A gem of a personal exploration by Julia Kristeva, examining contemporary issues such as European identity, the role of religion in political life, and the meaning of equality for women.
About Julia Kristeva
Julia Kristeva is one of our most brilliant and original theorists, widely acclaimed for her work in linguistics, psychoanalysis, and literary and political theory. As a linguist, she has created a revolutionary theory of the sign in its relation to social and political emancipation. As a practicing psychoanalyst, she has explored the nature of the human subject and sexuality.Susan Fairfield is an editor, translator, and poet. She is also the author of papers on literary criticism, a psychoanalyst, and co-editor of Bringing the Plague: Toward a Postmodern Psychoanalysis. She lives in the Bay Area of California.
"In these four packed meditations, bursting with intellectual vitality, Kristeva comes forth as an erudite as well as a personal, political, religious, and philosophical thinker, without relinquishing her (un)usual, exquisite poetic style. Engaging the issue of the contemporary failure of oedipal subjectivity and attacking our era of technology and robotization, she bravely calls for a return to the origins of our cultural memory. This is a provocative book for intellectuals of every stripe." -Frances L. Restuccia, Boston College, author of Melancholics in Love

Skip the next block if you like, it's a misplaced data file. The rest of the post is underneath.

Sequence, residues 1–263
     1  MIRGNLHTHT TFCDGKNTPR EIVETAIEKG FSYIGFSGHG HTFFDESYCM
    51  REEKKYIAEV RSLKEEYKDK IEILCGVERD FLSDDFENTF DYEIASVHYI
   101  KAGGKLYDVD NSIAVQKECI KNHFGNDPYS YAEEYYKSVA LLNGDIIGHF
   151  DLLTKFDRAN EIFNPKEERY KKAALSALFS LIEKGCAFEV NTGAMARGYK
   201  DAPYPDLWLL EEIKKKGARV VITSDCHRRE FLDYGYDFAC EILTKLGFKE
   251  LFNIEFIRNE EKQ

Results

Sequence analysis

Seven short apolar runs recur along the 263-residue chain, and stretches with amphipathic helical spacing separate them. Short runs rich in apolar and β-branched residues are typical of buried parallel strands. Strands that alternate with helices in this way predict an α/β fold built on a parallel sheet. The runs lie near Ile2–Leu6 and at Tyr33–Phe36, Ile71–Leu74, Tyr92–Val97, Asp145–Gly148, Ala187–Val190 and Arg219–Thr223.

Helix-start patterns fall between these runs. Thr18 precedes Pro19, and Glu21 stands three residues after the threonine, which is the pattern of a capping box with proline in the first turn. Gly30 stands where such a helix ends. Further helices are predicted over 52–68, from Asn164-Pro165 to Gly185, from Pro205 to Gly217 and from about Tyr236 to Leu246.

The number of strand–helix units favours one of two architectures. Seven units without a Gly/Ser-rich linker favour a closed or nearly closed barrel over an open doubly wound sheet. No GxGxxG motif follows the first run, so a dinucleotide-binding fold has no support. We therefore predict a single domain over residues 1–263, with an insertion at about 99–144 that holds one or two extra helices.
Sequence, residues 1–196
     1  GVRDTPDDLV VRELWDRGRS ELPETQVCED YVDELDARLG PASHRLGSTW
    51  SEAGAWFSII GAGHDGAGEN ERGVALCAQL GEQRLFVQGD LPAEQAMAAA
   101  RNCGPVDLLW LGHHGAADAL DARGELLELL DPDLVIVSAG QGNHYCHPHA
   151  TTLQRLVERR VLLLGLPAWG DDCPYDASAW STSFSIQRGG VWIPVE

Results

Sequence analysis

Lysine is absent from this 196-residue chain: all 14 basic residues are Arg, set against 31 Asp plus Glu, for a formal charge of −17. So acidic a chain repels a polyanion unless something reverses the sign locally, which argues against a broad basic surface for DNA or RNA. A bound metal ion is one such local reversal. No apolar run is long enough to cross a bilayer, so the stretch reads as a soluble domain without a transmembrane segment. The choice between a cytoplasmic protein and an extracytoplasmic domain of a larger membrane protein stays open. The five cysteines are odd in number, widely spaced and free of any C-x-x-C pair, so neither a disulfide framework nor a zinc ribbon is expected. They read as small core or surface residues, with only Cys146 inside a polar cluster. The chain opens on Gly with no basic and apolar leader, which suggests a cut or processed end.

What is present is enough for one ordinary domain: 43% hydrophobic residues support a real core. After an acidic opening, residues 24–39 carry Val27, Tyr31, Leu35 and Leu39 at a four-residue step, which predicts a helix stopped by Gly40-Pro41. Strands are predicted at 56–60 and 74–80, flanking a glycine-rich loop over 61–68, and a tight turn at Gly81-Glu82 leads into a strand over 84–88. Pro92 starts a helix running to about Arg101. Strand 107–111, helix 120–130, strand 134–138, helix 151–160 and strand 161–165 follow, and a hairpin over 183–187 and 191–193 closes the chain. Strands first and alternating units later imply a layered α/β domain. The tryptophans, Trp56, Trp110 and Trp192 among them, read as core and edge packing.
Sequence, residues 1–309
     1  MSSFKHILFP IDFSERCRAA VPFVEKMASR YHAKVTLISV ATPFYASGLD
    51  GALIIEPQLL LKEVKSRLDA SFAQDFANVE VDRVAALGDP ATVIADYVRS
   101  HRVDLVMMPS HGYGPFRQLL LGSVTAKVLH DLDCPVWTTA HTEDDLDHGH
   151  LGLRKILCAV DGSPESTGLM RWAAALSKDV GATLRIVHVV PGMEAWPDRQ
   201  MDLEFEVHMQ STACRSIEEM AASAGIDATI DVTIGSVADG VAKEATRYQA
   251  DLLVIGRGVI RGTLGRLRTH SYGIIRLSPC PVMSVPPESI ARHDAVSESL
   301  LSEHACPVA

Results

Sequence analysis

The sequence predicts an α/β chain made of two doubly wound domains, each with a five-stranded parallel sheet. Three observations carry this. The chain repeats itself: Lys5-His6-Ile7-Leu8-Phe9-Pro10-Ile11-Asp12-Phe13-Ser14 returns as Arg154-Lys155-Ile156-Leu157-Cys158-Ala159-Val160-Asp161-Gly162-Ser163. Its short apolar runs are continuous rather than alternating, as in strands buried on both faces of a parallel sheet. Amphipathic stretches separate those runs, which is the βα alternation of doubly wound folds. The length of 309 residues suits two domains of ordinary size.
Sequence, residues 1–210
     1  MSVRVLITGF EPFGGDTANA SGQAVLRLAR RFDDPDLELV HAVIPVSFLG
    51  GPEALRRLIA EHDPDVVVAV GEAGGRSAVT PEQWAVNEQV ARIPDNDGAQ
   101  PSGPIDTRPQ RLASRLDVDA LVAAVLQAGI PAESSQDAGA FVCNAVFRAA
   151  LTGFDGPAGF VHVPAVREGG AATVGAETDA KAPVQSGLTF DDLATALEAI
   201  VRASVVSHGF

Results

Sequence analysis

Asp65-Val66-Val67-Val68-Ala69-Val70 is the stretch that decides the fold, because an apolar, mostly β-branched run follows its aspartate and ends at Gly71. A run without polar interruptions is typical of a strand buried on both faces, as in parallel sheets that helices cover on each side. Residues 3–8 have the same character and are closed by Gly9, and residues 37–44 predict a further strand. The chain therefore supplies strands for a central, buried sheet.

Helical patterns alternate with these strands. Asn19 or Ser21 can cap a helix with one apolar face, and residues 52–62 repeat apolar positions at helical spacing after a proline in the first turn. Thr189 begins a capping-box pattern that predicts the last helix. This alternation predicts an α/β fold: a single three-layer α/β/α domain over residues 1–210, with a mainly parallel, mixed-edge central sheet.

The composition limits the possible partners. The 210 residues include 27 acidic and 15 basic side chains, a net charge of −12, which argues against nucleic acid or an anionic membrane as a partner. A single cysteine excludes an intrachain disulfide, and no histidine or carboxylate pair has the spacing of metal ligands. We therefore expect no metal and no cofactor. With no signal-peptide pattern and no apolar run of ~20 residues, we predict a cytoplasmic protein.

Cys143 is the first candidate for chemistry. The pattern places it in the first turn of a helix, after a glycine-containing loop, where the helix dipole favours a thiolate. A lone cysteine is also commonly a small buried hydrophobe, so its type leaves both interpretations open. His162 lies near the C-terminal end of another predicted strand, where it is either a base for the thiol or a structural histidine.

"The essays in this collection again prove that Julia Kristeva is one of the most profound and courageous thinkers of our time. From her intimate reading of Hannah Arendt to her diagnosis of Eastern Orthodoxy, Kristeva gives us a fresh perspective. In a noteworthy move in terms of her own work, in her essay on Arendt, Kristeva gives priority to active narrative over poetry. Her very personal reflections on the contemporary situation in the Balkans is stunning. Her diagnosis of the European Union and the role of religion in political economy fascinates with its provocations. And, her insightful comments on the meaning of legal equality for women complicates feminist debates over equality versus difference." -Kelly Oliver, State University of New York at Stony Brook